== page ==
Frank Bowden’s funeral was over before I knew he was gone. I learned of his death when I saw his obituary in a stack of papers I’d set aside to read when I got the time, and although I knew him pretty well, there was a lot I didn’t know about Frank Bowden, because he really didn’t talk about himself much.
He would have turned 90 this year, which means he was one of the youngest of the Greatest Generation, having served in the U.S. Army in Germany and France. This would have placed him in some of the fiercest fighting of the war at age 18. When I knew him, some 50 years later, he was one of those “Stand me up at the gates of hell and I won’t back down” guys that Tom Petty sang about.
Another thing I didn’t know about him was that as a science teacher and a principal, he worked to integrate Southern Appalachian Regional Science Fair and was an active but behind-the-scenes participant in the civil rights struggles of the ‘60s, providing transportation and bail money for the Knoxville College students who were sitting-in at downtown lunch counters and picketing the Tennessee Theatre.
Bob Booker was among those KC students Frank assisted.
“I’m not sure he felt comfortable marching and carrying signs, but there were a number of people who would get students out of jail and provide transportation when they needed to get downtown. He was in the forefront of trying to move us forward and was always interested in progress. He tried to bring that to every school he was assigned to, whether as a teacher or a principal. He was a strong voice. No question about that.”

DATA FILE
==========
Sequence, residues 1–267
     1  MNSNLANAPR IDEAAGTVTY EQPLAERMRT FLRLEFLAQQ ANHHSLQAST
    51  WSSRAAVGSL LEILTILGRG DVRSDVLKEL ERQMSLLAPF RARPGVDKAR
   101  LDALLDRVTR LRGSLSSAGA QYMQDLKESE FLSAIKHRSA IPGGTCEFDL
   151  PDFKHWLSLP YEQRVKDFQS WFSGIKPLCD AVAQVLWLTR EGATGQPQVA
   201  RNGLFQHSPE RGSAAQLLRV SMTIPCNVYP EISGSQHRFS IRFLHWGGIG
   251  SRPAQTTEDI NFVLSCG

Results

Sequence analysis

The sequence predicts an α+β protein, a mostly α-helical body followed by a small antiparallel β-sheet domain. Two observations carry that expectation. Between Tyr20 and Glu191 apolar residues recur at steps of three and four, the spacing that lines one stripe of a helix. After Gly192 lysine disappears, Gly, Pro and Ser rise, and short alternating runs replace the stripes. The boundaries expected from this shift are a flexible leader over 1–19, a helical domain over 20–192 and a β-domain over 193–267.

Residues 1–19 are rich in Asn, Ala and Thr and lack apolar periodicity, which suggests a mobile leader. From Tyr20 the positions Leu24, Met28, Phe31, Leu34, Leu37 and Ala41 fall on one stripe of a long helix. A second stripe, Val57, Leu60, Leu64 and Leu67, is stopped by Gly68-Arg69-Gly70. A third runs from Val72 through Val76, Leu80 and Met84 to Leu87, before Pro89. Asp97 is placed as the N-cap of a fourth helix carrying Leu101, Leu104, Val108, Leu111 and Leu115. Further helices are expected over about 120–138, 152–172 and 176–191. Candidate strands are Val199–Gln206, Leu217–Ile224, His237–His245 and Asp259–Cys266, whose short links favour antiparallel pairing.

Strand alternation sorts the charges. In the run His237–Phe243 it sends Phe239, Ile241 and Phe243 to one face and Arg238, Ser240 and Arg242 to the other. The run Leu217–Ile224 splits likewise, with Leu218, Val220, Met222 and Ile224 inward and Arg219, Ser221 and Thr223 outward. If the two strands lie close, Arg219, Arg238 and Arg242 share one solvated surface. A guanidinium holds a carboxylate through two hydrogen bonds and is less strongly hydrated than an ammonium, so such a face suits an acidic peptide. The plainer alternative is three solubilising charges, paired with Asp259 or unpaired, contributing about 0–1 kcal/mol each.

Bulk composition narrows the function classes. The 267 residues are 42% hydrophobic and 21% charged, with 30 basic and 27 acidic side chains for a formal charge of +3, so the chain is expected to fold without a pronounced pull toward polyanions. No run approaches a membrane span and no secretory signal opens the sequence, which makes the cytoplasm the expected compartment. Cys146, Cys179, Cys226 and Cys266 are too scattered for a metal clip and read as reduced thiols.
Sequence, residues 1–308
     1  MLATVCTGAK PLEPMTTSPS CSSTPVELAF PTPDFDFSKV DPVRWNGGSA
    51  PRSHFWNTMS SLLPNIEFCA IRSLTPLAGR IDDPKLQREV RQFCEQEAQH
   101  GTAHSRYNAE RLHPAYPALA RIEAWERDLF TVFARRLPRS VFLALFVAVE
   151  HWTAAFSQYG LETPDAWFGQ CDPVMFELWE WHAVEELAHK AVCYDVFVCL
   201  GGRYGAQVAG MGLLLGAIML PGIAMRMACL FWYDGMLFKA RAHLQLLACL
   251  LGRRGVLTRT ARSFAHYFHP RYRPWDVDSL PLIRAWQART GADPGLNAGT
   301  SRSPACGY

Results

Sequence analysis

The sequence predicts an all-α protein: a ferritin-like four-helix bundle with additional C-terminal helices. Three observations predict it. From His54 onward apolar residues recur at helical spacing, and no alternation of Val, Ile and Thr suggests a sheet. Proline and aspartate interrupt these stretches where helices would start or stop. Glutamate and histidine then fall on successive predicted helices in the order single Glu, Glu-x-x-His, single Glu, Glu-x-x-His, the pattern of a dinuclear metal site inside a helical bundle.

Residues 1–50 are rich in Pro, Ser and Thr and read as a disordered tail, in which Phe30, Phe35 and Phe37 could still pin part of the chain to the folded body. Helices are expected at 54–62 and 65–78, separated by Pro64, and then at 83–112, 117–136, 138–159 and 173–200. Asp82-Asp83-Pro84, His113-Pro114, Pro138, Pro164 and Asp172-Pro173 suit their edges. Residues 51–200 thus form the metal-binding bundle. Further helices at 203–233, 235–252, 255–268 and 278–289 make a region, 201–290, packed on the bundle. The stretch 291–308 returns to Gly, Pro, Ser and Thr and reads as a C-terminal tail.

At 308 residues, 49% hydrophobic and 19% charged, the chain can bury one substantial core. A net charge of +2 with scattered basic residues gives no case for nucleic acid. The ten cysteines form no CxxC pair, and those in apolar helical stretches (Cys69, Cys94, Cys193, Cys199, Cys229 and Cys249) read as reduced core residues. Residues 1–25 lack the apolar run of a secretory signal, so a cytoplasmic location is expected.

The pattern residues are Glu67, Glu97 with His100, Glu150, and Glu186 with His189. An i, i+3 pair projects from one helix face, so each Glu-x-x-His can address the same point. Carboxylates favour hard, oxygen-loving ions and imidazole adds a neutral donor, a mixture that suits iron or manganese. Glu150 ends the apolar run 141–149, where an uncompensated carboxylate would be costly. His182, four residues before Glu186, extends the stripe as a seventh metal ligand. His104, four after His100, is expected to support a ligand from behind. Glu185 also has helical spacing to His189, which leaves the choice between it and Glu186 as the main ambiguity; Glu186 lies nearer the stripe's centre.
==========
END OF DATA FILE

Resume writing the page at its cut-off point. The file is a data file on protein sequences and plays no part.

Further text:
Years later, when Bowden was a county commissioner, Booker enjoyed his sparring with County Executive Dwight Kessel, who opposed Bowden’s efforts to force the county to recognize the Martin Luther King Jr. holiday.
Mark Cawood, who served on commission with Bowden, remembers those battles, too.
“He told Kessel to take that sheet out of his closet and wear it,” Cawood said.
I can’t remember the precise issue, but I do remember the time Bowden – who could flat turn a phrase – elegantly accused his colleagues of being spineless by saying they had “exoskeletons,” and the time he told a pandering colleague to “Put that race card back in your pocketbook.”
But my favorite Bowden memory happened the day buses full of Christian Coalition members packed the hall and cheered while their preachers demanded that the commissioners sign onto a resolution denouncing “special rights” for gay people. Popularly known as the “Gay Bashing Resolution,” it had no force of law, but was being carried to local elected bodies all over the country, and would become a cudgel come the next election.
There were 19 commissioners in those days, and 15 of them voted – with varying degrees of enthusiasm – for the measure. Two passed. Another, Bee DeSelm, voted no. And one voted “Not only no, but hell no.”
That was Frank William Bowden. I’m glad I knew him.